The VIX index is computed as a weighted average of SPX option prices over a range of strikes according to specific rules regarding market liquidity. Using tick-by-tick observations on the underlying options, we document that this strike range varies substantially in how much coverage it provides of the distribution of future S&P 500 index prices, producing significant biases, or distortions, in the time series of VIX measures. We propose a novel high-frequency Corridor Implied Volatility index (CX) computed from a strike range covering an “economically invariant” proportion of the future S&P 500 index values and using only reliable option quotes. Comparing the time series properties of these alternative volatility indices from June 2008 through June 2010, we find that our CX measure is superior in terms of filtering out noise and avoiding large artificial jumps. Consequently, the properties of the two series at both the daily and the intraday level are dramatically different in important dimensions of relevance for asset pricing, risk management and real-time trading strategies.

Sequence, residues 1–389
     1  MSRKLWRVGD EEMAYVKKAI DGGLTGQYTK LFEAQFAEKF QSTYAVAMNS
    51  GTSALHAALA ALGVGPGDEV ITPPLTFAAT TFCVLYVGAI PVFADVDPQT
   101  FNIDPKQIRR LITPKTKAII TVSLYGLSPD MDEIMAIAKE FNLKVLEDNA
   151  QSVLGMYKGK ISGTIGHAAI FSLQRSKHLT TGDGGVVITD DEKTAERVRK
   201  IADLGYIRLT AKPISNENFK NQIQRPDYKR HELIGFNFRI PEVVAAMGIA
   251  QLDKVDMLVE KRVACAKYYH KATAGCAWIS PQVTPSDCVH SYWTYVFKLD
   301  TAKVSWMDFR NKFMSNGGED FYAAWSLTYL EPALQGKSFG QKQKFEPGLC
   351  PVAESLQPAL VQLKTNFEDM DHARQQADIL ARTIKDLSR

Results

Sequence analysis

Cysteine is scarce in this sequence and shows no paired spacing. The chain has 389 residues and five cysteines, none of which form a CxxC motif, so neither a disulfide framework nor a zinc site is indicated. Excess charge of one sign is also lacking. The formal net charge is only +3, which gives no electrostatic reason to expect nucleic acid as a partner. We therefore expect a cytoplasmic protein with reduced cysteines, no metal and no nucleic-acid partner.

|Original language||English (US)|
|Number of pages||54|
|State||Published - Jan 2011|